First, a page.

Assemble your java from free standard pieces

Just saw A Lazy Developer Approach: Building a JVM with Third Party Software by Nicolas Geoffray, Gael Thomas, Charles Clement and Bertil Folliot. They show something I always found super cool about the community around GNU Classpath and the free software community in general. Working together on parts of free software to enable everybody to stand on top of the shoulders of giants.

The development of a complete Java Virtual Machine (JVM) implementation is a tedious process which involves knowledge in different areas: garbage collection, just in time compilation, interpretation, file parsing, data structures, etc. The result is that developing its own virtual machine requires a considerable amount of man/year. In this paper we show that one can implement a JVM with third party software and with performance comparable to industrial and top open-source JVMs. Our proof-of-concept implementation uses existing versions of a garbage collector, a just in time compiler, and the base library, and is robust enough to execute complex Java applications such as the OSGi Felix implementation and the Tomcat servlet container.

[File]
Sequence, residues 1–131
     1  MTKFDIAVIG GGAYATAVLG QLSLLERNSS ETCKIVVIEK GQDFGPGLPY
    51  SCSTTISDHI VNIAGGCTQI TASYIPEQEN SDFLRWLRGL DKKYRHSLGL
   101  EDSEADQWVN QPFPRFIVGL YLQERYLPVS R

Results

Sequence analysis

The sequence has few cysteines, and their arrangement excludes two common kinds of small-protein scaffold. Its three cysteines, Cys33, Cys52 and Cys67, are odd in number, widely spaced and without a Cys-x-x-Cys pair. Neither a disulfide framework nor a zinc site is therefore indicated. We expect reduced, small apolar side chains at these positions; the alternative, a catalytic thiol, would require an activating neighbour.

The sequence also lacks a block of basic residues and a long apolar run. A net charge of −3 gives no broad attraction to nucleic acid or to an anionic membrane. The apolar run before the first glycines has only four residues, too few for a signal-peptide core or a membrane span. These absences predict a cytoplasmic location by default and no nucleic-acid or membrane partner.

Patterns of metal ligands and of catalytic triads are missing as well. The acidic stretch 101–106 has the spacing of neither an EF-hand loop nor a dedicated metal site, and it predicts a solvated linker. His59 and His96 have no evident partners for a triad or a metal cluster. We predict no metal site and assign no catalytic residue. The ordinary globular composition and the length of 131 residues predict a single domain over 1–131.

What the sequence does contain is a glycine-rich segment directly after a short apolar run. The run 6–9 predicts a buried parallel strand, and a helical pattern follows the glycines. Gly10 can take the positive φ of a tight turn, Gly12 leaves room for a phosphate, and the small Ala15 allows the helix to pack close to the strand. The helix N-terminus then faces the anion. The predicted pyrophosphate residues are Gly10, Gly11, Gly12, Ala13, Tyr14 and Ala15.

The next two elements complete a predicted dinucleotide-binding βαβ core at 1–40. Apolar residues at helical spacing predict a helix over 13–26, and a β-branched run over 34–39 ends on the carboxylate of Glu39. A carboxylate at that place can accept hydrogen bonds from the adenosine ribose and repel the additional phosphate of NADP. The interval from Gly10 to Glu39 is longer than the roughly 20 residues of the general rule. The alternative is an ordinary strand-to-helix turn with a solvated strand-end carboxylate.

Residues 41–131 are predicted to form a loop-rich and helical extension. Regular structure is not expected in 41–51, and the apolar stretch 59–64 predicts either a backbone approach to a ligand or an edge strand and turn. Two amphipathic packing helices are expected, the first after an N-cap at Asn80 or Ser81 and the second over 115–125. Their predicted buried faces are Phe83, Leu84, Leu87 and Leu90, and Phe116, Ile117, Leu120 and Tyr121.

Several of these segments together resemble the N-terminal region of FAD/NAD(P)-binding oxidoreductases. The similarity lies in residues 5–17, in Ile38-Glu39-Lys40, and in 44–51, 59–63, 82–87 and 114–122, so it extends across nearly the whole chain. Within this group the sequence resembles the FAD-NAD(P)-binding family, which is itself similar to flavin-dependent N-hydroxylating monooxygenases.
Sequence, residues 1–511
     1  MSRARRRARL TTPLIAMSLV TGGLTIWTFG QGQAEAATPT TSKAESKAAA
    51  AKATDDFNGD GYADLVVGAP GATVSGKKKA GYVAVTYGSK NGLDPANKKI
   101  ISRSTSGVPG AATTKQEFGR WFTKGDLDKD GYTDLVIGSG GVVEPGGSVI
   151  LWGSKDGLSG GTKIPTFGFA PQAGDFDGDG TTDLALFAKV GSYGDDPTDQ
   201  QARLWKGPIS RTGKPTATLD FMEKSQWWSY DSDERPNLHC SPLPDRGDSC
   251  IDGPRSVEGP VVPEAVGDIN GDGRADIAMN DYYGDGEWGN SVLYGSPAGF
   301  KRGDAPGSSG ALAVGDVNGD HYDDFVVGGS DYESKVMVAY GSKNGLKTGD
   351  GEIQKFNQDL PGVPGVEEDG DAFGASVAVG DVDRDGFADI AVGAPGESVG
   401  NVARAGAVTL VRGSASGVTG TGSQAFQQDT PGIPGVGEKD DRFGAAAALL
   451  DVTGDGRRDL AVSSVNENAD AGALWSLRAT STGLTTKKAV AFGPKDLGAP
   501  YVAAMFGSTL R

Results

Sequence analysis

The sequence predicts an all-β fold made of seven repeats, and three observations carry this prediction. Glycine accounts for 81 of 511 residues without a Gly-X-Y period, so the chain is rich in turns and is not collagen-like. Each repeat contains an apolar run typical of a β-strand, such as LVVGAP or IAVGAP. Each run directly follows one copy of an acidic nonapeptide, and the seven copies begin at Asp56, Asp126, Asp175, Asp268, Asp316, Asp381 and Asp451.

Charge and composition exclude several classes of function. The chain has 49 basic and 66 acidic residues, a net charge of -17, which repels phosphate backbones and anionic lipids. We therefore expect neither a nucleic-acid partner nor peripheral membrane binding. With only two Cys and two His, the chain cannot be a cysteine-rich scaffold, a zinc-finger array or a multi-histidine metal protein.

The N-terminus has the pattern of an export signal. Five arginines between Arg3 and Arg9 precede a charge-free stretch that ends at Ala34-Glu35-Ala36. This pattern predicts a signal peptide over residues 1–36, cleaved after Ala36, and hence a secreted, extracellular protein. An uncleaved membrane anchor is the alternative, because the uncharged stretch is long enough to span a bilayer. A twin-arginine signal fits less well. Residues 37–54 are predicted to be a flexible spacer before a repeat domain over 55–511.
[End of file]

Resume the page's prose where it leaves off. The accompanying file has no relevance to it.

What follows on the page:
They have some nice things to say about GNU Classpath and our VM Interface

Industrial JVMs often have their own implementation of garbage collection, compilation, interpretation and class libraries. Open-source JVMs tend to all use the GNU Classpath base library implementation [6] (some JVMs are currently being ported to the newly open-sourced Sun implementation), and the Boehm garbage collector [22]. GNU Classpath and Boehm GC are popular among JVM implementations because they are virtual machine agnostic, hence they do not depend on a particular JVM implementation.


We started the project with GNU Classpath version 0.93. LadyVM now uses the latest version, 0.97.2. Since GNU Classpath has had many releases before 0.93, the API changes between 0.93 and 0.97.2 were minimal.

GNU Classpath moved to java version 1.5, including generics, with release 0.95. Since the JVM specification did not change between version 1.4 and 1.5, the move to GNU Classpath 0.95 did not require any changes in LadyVM. The only modification we made was due to the ldc opcode, which loads classes since JVM 1.5.

So next time you want java somewhere, just pick up the free software pieces already there and click them together for your environment :)


  1. Not quite there yet – they could have saved the 18kLOC c++ code iff twisti would turn the vmgen vm backend into a library that can plug into LLVM, libjit, etc. ;)

    But good to see someone follow Kaffe on its road to become one small configure script, and show awesome results for it.

  2. Pete says:

    Interesting to read that Gary B. considered this library when implementing shark but found it unsuitable.

    Choice is always good but as Dalibor suggests, so is re-use. Be nice to see Gary’s zero work support pluggable JITs using twisti’s backend :)